Can diamonds be for every pocket?


"Diamonds are undergoing a change of origin, from the earth's crust to being grown in a lab. The Indian consumer, specially the millennials are favouring them for their 5C's--cut, colour, clarity, carat and being conflict free. But what are lab-grown diamonds? Can they bring diamonds within everyone's reach? Can they make luxury sustainable? Host Kalpana Pathak talks to Smit Patel, Director at Greenlab Diamonds LLP, Pooja Seth, MD & Founder at Limelight Lab Grown Diamonds and Sutanuka Ghosal, Senior Assistant Editor, The Economic Times

Credit: EMI, © 2009 MD Music Company Limited"

This is an audio transcript of The Morning Brief podcast episode: Can diamonds be for every pocket?

BG Sound 0:01
This is the morning brief from the economic times.

BG Sound 0:14
Diamonds are forever, but square cut or pear shape. These rocks don't lose their shape. Diamonds are a girl's best friend.

Kalpana Pathak 0:29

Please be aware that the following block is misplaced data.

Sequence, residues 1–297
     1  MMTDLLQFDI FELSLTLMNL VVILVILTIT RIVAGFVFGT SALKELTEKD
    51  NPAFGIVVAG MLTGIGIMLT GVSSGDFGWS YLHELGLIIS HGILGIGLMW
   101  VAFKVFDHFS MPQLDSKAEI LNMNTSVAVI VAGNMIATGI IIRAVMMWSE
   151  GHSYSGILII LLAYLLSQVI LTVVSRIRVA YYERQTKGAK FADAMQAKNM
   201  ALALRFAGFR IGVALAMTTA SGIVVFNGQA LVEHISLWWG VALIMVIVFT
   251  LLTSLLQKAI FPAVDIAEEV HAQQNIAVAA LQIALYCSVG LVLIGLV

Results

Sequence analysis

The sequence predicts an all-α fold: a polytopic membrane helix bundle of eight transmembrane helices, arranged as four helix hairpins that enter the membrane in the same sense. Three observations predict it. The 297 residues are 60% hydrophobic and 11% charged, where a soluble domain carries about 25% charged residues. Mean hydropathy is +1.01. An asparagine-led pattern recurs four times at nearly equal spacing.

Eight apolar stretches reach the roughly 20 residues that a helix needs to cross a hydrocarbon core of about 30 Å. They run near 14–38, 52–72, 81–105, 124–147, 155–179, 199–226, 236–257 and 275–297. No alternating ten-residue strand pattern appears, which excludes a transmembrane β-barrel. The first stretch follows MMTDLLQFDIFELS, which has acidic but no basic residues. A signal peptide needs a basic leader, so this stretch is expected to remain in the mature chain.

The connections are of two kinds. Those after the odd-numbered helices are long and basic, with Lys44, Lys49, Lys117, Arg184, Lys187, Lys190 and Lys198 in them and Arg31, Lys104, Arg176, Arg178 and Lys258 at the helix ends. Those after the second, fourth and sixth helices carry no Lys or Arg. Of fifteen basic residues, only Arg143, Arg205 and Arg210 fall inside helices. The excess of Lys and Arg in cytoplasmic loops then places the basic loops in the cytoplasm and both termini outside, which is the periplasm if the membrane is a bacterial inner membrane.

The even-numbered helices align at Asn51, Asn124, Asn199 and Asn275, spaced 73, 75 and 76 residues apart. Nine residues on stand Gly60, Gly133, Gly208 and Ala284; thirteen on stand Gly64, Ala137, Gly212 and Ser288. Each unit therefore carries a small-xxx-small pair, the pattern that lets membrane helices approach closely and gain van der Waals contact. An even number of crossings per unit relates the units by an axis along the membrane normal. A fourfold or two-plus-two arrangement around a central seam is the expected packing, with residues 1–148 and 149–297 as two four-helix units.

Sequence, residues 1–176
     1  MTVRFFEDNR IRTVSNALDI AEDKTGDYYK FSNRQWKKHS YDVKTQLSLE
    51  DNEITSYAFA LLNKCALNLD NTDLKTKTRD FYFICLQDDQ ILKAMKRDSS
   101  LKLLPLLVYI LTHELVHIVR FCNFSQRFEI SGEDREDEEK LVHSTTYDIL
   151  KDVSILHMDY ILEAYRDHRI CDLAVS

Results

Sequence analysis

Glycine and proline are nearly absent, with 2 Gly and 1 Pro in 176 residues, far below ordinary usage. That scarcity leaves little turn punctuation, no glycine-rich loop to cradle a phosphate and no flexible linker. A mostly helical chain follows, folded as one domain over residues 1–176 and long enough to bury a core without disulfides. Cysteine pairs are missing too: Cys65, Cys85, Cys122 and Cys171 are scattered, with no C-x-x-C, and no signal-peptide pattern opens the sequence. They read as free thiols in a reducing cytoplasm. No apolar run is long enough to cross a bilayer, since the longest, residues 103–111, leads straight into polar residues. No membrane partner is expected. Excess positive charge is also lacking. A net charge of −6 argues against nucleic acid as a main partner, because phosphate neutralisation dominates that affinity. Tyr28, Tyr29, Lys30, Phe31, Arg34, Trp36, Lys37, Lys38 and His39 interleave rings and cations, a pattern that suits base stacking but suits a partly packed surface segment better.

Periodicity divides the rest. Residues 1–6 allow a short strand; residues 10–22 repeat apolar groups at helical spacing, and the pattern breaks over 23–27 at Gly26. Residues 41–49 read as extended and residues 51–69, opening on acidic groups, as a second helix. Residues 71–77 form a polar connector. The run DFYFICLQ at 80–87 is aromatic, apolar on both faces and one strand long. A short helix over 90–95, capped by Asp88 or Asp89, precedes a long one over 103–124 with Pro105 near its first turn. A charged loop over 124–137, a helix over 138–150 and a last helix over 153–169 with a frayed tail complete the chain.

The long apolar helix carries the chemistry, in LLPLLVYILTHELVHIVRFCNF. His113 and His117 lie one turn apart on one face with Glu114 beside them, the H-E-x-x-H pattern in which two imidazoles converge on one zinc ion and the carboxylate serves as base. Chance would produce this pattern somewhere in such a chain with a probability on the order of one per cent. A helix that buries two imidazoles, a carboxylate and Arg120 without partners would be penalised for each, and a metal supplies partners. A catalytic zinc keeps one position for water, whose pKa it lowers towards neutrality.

Diamonds are indeed forever. The hardest metal on Earth and one that everyone aspires to wear. If they are a girl's best friend or not, I'm not too sure. Yet, they are a must for many, if not in jewelry, then for investment. But diamonds themselves are undergoing a change of origin from being crafted naturally in the earth's core to being grown in a lab. Lab grown diamonds have been around since the 1950s. But mainly for industrial purposes. They began making the presence felt only less than a decade ago, largely in the West. It's only now that India is catching up fast on this trend, especially with the festive and wedding season around and why not when they are easy on your pocket can be developed at a lower cost or environmentally friendly and certainly not blood diamonds. I'm sure you will be curious to know what a lab grown diamonds. How cheap are they? Are they synthetic? Are they as valuable as natural ones. It's the seventh of October from the economic times I'm Kalpana Pathak. And today on the morning brief, we explore can diamonds be for every pocket? For answers to these questions, I speak to Pooja Seth Madhavan who runs Limelight diamonds a lab grown diamonds retail chain Smith Patel, director of green lab diamonds, the largest cultivator of lab grown diamonds in the world. Smith is also the convener for the lab grown diamond panel at the gems and jewelry export promotion Council, which is an industry body. Also joining us is my et colleague Sutanuka Ghosal, who has been writing on the gems and jewelry sector for the last 15 years. But before we move forward, let's hear from a few Millennials what they think about lab grown diamonds.